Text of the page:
Hector Ortiz caught the catching bug when he was 10.
“I was a first baseman when I started playing in Puerto Rico,” the Texas Rangers first base coach says. “Then, they tried me at third. But one day, the coach said ‘We need a catcher on our team. Any volunteers?’ I told him I would give it a try. I fell in love with that position so much it’s the only I’ve played ever since.”
Ortiz, 46, played in the majors from 1998-2002 with the Kansas City Royals and the Texas Rangers, hitting .288 over 93 games. When his playing career ended, he served in the Rangers’ organization as a minor-league coach, manager and catching instructor before moving up to major-league first base coach in 2015. The Rangers won the American League West and fell to the Toronto Blue Jays in a memorable playoff series.
It was just before Ortiz’s promotion that he was introduced to Valle training gloves. His good friend, Juan Lopez, became the Rangers’ assistant minor-league catching coordinator. Lopez had been a bullpen catcher for the San Francisco Giants and Chicago Cubs and the bullpen coach for the Cincinnati Reds.
“He came up to me and said, ‘I have the glove,’” Ortiz recounts. “It was a Valle training glove. He brought it to spring training and gave me John Valle’s number. I used the glove and fell in love with it. Exchanges, blocking, receiving . . . it helped me with a lot of drills.”
Back in his playing days, Ortiz used “an old school pancake glove” for exchanges drills.
“It was the kind of glove that Yogi Berra and Johnny Roseboro used in real games,” he said. “The Valle gloves are so much better. They are so realistic that the Valle training glove is my real glove. I use it to play catch. I always have it with me.”
Ortiz grew up in Puerto Rico, and his idol was Tony Pena, the longtime major-league catcher with the unorthodox squat – extending his left leg straight out when there were no runners on base.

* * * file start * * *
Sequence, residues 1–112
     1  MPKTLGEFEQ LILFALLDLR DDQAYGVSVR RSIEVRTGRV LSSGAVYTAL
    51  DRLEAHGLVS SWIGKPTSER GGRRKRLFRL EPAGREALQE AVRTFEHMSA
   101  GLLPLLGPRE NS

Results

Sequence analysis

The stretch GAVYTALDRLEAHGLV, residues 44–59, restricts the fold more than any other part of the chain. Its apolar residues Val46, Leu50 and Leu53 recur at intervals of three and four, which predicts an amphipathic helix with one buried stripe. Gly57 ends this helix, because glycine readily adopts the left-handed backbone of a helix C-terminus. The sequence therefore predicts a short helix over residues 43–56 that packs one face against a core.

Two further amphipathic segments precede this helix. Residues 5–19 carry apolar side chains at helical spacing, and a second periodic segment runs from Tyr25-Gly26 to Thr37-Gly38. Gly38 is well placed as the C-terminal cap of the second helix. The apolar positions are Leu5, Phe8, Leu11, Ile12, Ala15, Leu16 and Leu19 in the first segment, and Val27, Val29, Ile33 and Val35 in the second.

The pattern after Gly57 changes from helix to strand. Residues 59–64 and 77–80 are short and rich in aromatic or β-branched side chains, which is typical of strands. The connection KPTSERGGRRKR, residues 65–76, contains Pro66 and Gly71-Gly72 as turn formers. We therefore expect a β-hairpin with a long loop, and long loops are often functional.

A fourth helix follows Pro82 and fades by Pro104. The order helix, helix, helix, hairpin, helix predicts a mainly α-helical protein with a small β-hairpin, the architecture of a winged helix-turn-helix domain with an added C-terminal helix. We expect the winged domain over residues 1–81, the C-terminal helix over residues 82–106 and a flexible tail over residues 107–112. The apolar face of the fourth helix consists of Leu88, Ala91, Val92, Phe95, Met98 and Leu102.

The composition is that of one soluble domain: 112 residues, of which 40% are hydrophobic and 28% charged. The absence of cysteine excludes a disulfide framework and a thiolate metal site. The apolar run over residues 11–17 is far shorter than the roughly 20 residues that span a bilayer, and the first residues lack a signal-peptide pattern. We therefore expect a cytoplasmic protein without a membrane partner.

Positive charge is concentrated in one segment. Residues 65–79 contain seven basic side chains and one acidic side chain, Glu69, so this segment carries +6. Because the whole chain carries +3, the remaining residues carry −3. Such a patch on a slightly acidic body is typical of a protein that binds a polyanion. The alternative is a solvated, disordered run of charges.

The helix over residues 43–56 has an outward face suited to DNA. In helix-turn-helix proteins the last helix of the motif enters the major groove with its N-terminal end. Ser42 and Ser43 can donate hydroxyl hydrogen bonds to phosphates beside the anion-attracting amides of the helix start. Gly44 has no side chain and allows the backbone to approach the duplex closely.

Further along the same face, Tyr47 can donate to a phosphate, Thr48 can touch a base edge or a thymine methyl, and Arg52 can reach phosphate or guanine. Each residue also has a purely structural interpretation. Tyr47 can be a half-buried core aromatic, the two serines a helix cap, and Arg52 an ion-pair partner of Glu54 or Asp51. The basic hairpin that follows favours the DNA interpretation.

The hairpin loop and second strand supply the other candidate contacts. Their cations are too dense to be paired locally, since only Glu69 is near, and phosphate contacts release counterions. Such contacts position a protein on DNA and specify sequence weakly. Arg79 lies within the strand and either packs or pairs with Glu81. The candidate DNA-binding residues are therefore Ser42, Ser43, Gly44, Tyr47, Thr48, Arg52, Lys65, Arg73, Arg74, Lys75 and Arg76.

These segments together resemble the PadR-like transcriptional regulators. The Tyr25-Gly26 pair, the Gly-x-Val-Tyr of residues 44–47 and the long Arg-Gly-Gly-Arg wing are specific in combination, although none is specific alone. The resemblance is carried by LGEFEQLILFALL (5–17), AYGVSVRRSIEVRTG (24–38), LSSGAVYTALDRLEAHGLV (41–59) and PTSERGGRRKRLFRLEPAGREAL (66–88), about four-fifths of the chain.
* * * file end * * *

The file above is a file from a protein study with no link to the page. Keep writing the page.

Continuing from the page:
“For a while, I imitated him,” Ortiz says with a laugh.
“Pena was my idol growing up, but to any Puerto Rican player, the real idol is Roberto Clemente. He means so much to my country.”
He says coaching minor-leaguers is a little different than coaching big-leaguers.
“In the minors, you’re coaching a lot more about mechanics,” he says. “In the majors, it’s more about the mental approach. What gets them there and then back on track.”
Ortiz says aspiring catchers should be using training gloves “all of the time.” – in season and out of season.
“It’s going to make you have that feel,” he says. “When you play baseball, you don’t see yourself. But you can feel yourself. It’s all about feel, receiving, the exchange. If you catch it wrong, you’re going to get hurt. Learn with the training glove. Repeat with the regular glove. Next thing you know, you’re doing things completely right.”
The priorities are different, he says, depending on who is learning.
“We have to be realistic about how it works for young kids,” he says. “I’d say the priority is pop time, receiving and blocking the ball for young kids. But as soon as he gets to pro ball, it’s more about catching first, blocking it second and throwing it third.”
Ortiz is credited with turning Rangers catcher Robinson Chirinos into a solid defensive player.
“I started working with him in 2013, when we got him from the Rays,” Ortiz says. “I saw potential. I worked with him at Triple-A, and he made a commitment to be the best he could be. It made my job that much easier to coach him.”
Chirinos is Exhibit A for young players who dream of a pro career.
“It’s all about hard work and determination,” Ortiz says. “If you really want it, dedicate yourself. No matter how many critics you have. It’s about commitment – and playing as often as you can.”